This kind of goes along with the previous tip. But I found, if I’m going to be flexible and try something different, I need to readjust my expectations about how smoothly everything is going to go. By planning effectively, understanding the goal of why I was having them do the project and then letting go of the outcome, I was able to enjoy watching the learning process more.
The combination of letting go and releasing expectations has allowed me to see my job with new eyes and approach planning and teaching with a beginner’s mind. Without the worry and stress I usually feel about getting everything done and doing it perfectly, I can actually have time to teach the students who are in front of me…which also leads to the next tip…
I’ll admit it. Sometimes I forget to smile amidst the hustle and bustle of a normal school day. I’m not exactly grumpy but sometimes I hold quite a serious expression. This month, I tried to be more deliberate about being positive in how I presented materials, introduced projects and generally spoke to the class. I’m not sure if my students noticed, but I noticed how much smoother things went in my mind when I greeted the day with a little more enthusiasm and positivity.
Just the act of smiling and generating some excitement about what we were going to do led to the students seeming to be a little more willing to participate. And the bottom line is if I’m not excited about what I’m teaching and how we’re doing things, how can I possibly expect them to be overly enthusiastic? Deliberately showing up with a more positive mindset led to an increased sense of well-being throughout the last month!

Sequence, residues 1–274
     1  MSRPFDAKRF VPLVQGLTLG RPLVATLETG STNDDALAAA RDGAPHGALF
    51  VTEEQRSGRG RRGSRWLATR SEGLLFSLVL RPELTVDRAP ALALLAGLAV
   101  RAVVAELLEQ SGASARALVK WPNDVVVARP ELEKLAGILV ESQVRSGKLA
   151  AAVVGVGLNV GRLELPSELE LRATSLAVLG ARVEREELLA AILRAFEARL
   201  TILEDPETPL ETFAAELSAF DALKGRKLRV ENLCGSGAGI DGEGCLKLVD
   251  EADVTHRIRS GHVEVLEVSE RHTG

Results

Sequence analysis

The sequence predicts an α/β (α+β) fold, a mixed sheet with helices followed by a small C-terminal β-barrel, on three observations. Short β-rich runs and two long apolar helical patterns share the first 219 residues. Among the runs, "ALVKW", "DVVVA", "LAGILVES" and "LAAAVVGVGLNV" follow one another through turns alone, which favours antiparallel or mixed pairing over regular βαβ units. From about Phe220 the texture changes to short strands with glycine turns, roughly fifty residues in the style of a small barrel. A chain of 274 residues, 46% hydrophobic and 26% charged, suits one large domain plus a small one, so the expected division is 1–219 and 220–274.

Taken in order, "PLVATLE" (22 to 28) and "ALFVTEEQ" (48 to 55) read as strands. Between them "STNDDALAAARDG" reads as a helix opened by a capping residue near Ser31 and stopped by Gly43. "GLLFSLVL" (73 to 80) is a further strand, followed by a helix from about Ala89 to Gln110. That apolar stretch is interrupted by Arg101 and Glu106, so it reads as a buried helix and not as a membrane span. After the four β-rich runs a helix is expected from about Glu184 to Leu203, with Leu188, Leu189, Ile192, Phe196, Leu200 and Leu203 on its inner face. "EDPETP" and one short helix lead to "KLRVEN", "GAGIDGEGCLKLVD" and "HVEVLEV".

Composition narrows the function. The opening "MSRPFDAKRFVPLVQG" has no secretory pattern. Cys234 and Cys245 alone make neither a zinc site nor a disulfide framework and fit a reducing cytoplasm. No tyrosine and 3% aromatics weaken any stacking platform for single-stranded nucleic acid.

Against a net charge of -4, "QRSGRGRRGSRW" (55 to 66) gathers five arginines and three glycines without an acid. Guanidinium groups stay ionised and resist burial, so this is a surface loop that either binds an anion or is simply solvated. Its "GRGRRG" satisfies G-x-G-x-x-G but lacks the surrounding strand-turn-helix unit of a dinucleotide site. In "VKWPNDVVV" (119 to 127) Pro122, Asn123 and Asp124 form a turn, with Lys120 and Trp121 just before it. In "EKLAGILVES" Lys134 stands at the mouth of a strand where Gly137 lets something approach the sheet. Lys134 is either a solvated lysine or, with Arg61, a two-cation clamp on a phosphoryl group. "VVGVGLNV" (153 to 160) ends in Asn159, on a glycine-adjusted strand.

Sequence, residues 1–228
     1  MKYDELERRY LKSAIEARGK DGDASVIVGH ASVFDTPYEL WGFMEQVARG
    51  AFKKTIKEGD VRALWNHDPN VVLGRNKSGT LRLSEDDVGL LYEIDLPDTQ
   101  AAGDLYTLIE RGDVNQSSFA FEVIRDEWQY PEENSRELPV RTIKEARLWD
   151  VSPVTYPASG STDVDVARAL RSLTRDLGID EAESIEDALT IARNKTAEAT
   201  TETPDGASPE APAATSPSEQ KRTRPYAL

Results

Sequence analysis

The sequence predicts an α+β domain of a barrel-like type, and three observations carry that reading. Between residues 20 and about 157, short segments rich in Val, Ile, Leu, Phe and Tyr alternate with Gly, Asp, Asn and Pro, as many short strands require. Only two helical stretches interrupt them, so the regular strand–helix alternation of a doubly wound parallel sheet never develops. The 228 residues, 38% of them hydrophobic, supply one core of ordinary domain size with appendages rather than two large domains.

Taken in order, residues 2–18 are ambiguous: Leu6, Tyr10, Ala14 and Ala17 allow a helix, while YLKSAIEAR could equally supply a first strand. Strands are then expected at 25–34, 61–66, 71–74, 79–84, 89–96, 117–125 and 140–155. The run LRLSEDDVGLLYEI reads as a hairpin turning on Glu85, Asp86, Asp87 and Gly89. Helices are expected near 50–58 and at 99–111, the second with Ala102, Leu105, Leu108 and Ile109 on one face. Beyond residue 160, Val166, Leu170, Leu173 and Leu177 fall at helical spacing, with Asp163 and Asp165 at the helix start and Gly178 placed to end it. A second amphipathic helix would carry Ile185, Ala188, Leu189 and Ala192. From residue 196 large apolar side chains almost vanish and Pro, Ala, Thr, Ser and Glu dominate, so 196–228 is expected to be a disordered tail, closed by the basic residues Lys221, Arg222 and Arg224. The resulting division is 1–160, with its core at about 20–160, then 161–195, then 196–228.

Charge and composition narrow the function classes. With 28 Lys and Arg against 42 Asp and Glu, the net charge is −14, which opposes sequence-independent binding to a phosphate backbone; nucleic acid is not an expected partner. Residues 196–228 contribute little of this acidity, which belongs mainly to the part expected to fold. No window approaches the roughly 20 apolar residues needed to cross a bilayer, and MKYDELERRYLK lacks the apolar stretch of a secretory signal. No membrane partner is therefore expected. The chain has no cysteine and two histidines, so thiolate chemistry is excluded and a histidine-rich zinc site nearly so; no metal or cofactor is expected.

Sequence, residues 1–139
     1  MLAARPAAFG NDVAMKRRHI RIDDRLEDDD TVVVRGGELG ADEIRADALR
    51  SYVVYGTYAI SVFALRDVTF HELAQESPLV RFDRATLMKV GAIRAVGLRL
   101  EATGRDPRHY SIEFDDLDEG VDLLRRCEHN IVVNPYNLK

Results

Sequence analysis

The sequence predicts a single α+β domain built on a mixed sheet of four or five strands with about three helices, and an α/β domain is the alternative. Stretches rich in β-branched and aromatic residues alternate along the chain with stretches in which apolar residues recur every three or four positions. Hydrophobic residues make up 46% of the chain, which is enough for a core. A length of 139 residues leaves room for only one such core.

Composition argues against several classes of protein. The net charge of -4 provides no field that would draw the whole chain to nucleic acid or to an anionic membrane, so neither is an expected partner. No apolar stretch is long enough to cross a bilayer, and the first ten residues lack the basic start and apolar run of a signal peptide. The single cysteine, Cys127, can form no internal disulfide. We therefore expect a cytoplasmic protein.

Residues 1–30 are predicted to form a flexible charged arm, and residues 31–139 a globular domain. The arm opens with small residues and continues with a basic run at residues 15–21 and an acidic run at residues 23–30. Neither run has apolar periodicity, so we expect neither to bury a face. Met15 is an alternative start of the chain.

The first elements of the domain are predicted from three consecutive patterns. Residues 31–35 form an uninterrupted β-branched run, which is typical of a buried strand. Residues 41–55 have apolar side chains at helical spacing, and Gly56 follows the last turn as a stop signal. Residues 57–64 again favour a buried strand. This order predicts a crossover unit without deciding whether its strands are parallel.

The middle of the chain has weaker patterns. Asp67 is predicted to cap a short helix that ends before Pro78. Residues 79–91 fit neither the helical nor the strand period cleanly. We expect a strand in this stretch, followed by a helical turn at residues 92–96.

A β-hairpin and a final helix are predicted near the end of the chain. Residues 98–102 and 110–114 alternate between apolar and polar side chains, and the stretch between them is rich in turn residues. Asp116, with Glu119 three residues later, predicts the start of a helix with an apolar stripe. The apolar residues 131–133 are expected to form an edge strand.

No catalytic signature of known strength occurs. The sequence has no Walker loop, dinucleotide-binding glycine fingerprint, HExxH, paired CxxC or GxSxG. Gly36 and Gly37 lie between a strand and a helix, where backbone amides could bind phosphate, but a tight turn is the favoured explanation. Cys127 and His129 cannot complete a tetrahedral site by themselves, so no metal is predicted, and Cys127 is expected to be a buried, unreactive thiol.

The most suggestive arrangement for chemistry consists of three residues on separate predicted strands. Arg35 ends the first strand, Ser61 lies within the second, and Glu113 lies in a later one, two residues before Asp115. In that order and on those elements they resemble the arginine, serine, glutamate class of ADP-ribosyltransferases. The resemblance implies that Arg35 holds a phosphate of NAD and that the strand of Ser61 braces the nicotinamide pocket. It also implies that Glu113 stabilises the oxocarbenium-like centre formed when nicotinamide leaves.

Saying “yes” to the opportunity to teach some mindfulness lessons at one of our elementary schools,opened up my eyes to a completely new population of students. It gave me an appreciation for both what elementary teachers do and an appreciation for my high school students.
By trying something new, I landed in the middle: I enjoyed the time I spent at the elementary school but also fell back in love with the job that I am blessed to go to every day. Sure I love the adoration of the younger kids, but there is a special place in my heart for the disillusioned teen who is on the brink of the rest of his or her life, grappling with decisions and normal teen angst. It just takes me back to how trying those times are and I am forever grateful that I get to walk with them through that even if it’s only one class period a day.
Although I will gladly go back and teach the little ones, I discovered I definitely have a love of teaching high school students that is part of who I am and what I want to do with my life.
Through these simple shifts in how I walked through my day and connected with my students, I was able to rekindle a new appreciation teaching. I’d love to hear how you continue to keep your teaching job a calling in spite of all the extra pressures and stress that is felt every day. Let’s help each other remember why we became teachers and what’s really important in the classroom, so that we can all rekindle our relationship with teaching!